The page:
B. Argument Two:

If abortion is outlawed, abortions will continue to be performed in illegal “back street” operations that may cause dangers to a women’s health.

1. While abortion is outlawed in much of Latin America, about 4 million abortions were performed in Latin America in appalling circumstances in 1990 (Rayas, 1998). In Chile, where abortion is illegal, an estimated 160,000 to 300,000 Chilean women undergo abortions each year (Rayas, 1998).

2. Around 1 million to 4.4 million abortions are performed among women under the age of 20 in developing countries in the Third World (Unsafe Abortion Increasing Among Young Women, 1998).

3. Between 50-60 percent of women in Latin America who try to induce abortions themselves or with the assistance of non-medical personnel, experience complications, causing 800,000 Latin American women to be admitted into hospitals each year as a result of these complications. In Chile, 36% of maternal deaths are a result of illegal abortions (Rayas, 1998).

C. Argument Three:

While anti-abortionists regard humans as being human in a biological sense, other societies in the world regard a human as being a human in a socialization sense.

1. Sociologist George Herbert Meade contended that an individual was not born human, but rather the individual’s self-awareness was learned through interaction and socialization in human society.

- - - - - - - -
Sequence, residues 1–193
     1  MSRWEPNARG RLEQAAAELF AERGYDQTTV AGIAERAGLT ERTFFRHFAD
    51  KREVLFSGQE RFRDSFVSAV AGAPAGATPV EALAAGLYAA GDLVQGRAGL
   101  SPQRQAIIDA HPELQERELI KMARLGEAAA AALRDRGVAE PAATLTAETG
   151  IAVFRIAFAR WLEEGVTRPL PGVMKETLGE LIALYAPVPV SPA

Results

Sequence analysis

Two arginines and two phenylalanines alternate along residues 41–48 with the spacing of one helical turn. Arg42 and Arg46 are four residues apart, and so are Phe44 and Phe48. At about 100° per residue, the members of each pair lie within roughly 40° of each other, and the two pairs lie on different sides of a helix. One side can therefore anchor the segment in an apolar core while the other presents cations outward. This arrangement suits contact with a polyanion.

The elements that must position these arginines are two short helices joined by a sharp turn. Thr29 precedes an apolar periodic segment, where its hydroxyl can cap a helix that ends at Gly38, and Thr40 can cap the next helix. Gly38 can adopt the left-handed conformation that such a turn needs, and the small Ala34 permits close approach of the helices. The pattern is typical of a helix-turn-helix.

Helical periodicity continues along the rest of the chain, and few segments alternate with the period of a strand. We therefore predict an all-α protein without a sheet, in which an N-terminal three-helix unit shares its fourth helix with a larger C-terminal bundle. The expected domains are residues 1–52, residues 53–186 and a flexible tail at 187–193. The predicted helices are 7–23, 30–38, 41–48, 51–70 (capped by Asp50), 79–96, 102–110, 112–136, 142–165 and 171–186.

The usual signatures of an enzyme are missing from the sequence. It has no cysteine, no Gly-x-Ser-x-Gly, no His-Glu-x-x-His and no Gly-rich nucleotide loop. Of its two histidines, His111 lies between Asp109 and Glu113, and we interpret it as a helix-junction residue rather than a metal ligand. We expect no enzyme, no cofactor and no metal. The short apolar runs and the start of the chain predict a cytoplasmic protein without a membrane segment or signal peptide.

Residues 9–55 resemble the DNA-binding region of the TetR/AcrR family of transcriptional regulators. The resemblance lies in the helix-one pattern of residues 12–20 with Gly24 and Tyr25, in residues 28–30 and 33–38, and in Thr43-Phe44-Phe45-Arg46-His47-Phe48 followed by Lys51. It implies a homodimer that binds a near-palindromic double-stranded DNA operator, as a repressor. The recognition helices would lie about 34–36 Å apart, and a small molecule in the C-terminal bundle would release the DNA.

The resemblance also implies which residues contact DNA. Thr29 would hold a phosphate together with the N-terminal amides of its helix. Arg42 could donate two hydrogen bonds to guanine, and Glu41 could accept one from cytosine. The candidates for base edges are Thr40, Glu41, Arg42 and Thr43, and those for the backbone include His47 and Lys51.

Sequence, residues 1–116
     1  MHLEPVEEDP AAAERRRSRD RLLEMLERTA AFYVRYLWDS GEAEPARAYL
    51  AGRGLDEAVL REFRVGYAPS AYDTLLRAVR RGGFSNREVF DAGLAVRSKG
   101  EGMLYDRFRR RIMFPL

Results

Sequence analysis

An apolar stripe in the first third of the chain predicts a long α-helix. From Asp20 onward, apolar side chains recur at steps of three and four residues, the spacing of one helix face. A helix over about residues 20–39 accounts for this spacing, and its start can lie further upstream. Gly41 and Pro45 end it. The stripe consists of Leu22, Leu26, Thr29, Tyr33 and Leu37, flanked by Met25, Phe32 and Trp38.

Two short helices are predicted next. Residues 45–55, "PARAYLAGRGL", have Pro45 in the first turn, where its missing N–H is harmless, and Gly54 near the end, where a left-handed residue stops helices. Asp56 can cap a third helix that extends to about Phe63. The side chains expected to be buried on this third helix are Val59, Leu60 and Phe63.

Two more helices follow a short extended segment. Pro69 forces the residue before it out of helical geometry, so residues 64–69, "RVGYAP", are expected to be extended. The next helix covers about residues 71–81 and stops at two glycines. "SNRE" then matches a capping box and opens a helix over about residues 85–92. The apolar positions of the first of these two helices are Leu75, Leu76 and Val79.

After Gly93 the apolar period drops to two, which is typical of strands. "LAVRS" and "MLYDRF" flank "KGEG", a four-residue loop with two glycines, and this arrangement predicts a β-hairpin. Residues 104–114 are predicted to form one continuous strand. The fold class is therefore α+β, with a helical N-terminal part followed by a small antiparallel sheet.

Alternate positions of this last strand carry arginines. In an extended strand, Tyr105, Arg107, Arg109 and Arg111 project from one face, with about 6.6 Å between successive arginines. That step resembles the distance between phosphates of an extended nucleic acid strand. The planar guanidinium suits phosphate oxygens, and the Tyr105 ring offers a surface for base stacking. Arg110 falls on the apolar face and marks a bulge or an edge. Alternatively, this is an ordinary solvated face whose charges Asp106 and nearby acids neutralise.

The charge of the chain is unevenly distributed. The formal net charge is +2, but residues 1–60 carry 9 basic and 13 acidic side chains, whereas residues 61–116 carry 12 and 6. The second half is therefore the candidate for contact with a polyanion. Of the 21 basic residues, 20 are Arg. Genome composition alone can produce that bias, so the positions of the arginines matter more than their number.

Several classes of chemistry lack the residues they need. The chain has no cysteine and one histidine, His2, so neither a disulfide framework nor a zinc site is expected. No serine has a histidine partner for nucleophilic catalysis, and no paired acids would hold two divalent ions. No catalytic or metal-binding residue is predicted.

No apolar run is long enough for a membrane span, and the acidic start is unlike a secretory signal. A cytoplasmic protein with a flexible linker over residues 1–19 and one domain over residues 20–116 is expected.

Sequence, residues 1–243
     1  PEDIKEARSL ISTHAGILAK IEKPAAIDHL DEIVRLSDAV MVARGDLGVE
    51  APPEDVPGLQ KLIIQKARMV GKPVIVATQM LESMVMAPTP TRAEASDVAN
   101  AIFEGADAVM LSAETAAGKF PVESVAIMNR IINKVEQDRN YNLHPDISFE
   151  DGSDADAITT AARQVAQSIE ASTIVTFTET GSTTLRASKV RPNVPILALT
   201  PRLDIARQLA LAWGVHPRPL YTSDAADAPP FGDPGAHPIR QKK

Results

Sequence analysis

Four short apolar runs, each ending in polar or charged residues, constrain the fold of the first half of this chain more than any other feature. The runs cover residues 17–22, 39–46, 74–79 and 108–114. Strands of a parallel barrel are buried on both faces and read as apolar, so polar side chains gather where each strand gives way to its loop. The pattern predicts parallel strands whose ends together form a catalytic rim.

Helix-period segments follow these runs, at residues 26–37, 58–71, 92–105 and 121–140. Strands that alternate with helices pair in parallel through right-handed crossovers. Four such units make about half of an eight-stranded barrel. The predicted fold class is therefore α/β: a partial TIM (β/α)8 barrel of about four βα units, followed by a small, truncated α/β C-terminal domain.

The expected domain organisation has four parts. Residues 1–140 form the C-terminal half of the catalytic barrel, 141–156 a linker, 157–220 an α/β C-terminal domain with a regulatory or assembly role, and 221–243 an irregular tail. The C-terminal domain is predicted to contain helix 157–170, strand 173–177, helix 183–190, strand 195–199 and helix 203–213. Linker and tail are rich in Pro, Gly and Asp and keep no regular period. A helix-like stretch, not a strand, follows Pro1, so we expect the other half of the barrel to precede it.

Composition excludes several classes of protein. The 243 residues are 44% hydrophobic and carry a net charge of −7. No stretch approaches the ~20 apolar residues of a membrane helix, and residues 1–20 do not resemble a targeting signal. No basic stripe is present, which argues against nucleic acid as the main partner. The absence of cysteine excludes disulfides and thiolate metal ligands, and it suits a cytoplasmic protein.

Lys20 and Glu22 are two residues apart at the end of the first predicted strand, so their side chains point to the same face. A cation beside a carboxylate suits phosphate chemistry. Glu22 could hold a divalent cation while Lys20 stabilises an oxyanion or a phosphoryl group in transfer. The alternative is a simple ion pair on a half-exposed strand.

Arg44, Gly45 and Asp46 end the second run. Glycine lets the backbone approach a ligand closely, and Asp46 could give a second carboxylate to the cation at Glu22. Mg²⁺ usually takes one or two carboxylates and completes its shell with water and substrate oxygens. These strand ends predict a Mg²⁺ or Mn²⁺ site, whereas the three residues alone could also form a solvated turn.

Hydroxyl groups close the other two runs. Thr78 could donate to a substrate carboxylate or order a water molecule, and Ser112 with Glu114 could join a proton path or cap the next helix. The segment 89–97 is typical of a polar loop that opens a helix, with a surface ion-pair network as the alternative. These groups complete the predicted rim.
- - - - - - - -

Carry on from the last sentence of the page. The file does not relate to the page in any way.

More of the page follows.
2. The Ashanti of West Africa name a newborn only after seven days at which the child becomes part of the social group. The Todas in southern India regard an individual to be human after 3 months where they will then give a name to the child (Smith, 1996). Both societies regard social development as a criterion for a child to become human and before the child is established into the social group, the child is considered a non-person.


A. Argument One:

Abortion is the killing of human life.

1. Between 1973 to 1999, approximately one child was aborted for every three children born (Mathewes-Green, 1998).

2. Since 1973, there has been an accumulation of over 30 million abortions in the United States (Chapat, 1999).

3. The names of each child aborted would fill the Vietnam Veteran’s Memorial Wall around 700 times (Mathewes-Green, 1998).

B. Argument Two:

Continued legalization of abortion would cause the United States to descend the slippery slope of state-sanctioned killing and genocide.

1. Novak (1997) claims, “Any principle accepted for the beginning of life will logically be applied by the Courts to the end of life. If private citizens can terminate the life of one human being at the beginning, some will claim the same right to terminate the life of another at the end.” Novak links the controversy of abortion with the new controversy of physician-assisted suicide. Not only would doctors have the right to terminate the human life of an unborn child, but also Novak fears that doctors could have the legal right to terminate the human life of an elderly individual.